• A few days before we were due to leave for Hanoi, our Cambodian hosts took pity on us. A small plane was laid on to fly us to Angkor Wat, where we could marvel at the magic of the 850-year-old Khymer palaces. The occasion was slightly surreal. Next door a bitter and cruel war was taking place; we could hear the noise of the bombings from Cambodia. And yet these old ruins generated an unbelievable tranquillity. I walked silently through and around them. I observed their richness from every possible angle and gazed in awe at the rich repertoire of images. The beautiful reliefs on the plinths supporting the terraces were matched by the friezes of erotic groups and minor deities of traditional Hindu sculpture. Here in the middle of the Cambodian jungles one caught a glimpse of the myths and legends of medieval India. Here, too, a caste of military aristocrats must have established its control over tribespeoples and ‘barbarians’. As I wandered, in a semidaze, I thought of the polymathic qualities, skills and perseverance that must have been a hallmark of the architects, stonemasons, master-artists and their apprentices, the latter notorious for the outspoken eroticism of their sexual sculptures. And the slaves who carried the stones that made all this possible? What was their lifespan? I saw the sun set on Angkor Wat that evening and almost forgot the war. It is one of the wonders of the world, but impossible to record except in the mind’s eye. No postcard or film could convey the richness of the Cambodian sky or the play of golden red shadows and reflections on the stones and statues of the ancient Khymer works.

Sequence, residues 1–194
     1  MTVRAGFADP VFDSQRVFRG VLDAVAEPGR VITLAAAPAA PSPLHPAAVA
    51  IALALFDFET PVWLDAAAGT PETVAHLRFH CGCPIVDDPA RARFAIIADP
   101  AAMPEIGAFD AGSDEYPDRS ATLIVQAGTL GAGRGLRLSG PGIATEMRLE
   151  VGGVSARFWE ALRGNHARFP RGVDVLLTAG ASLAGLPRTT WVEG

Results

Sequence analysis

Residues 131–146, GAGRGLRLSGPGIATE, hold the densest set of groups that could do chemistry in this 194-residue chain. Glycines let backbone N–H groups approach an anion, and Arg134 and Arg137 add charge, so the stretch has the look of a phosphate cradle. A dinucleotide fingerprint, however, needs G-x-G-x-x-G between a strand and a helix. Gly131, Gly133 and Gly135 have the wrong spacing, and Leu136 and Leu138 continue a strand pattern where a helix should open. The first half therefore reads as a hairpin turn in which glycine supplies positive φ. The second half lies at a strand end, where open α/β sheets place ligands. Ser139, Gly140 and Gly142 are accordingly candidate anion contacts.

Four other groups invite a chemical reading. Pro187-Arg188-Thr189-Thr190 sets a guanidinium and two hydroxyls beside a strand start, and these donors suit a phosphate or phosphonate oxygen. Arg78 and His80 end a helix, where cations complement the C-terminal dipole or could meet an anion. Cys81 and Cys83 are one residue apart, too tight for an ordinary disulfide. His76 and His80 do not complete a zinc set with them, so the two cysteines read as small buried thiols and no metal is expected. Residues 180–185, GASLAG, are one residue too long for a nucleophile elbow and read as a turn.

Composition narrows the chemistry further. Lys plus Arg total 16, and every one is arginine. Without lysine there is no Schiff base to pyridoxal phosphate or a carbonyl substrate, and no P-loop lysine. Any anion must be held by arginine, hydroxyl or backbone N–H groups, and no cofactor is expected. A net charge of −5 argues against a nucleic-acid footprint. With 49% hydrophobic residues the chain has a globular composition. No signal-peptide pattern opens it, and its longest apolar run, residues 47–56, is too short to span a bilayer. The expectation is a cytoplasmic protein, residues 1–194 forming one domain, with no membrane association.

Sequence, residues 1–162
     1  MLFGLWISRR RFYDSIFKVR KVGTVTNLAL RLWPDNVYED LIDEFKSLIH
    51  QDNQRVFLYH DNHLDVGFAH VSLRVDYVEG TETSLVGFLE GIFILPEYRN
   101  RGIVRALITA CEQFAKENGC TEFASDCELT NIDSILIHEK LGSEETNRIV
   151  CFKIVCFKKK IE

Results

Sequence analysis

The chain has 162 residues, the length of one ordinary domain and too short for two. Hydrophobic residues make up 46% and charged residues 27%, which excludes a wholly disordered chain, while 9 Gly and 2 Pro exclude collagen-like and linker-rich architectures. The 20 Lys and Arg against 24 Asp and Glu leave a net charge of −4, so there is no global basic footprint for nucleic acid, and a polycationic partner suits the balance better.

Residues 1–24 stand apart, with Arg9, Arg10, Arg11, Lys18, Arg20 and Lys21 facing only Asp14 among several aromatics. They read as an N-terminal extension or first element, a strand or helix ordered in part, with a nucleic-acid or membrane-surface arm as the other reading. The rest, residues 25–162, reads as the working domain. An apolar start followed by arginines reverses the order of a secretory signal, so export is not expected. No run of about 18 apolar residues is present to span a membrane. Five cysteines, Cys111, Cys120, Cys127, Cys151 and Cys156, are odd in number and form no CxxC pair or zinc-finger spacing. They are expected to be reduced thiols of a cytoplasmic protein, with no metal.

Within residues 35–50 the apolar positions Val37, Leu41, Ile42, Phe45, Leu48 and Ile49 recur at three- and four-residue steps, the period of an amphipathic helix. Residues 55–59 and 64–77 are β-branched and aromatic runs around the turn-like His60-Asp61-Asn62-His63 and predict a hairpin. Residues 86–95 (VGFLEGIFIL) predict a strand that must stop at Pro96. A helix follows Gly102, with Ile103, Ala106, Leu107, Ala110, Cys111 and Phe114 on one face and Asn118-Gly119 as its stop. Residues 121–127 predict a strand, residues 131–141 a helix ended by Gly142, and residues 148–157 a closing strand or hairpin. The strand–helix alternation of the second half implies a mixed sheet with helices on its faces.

• The same night, in a neighbouring palatial ruin, we saw a moon rise and in its light witnessed an exquisite display of Cambodian folk dancing, once again a variation of the old dances of Southern India. In the background lay the darkness of the forest. The night was enveloped by silence. The technologies of the 20th century could neither be seen nor heard. We might easily have been part of a scene from a different epoch. The image of Angkor Wat remains vivid. When I shut my eyes I can still recall many pictures of the sun setting on the delicate and graceful reliefs. I thought of them a lot in the years that followed, first when Kissinger and Nixon embarked on their campaign and bombed the country into the Stone Age, resulting in a savagery which gave birth to the deranged squads of Pol Pot. Neither variant, I am happy to say, destroyed Angkor Wat. It is still there and I have not given up the idea of seeing it again one day.
  • I spoke that afternoon of the struggle in Pakistan, but I went further and warned them that their demands for regional autonomy would never be conceded by the army. ‘Rather than grant you that, they will crush you. The only serious option is independence. A Red Bengal could become the Yenan of our subcontinent.’ These ideas had never been stated in this form in public and I felt the excitement of the audience. Even the Awami League students were stunned. Was I not after all a Punjabi? How could I talk in this fashion? But they recovered soon and cheered me till they were hoarse. Afterwards I was mobbed and the one question everyone wanted to discuss was how they could achieve their goal. If, at that stage, the political leaders had realized the holocaust that was to follow they could have politically armed their supporters and prepared them for the inevitable civil war. When I left Dhaka hundreds of students came to say farewell with clenched fists and cries of ‘Lal salaam!’ (‘Red salute’) and invitations to come back, but live in Dhaka.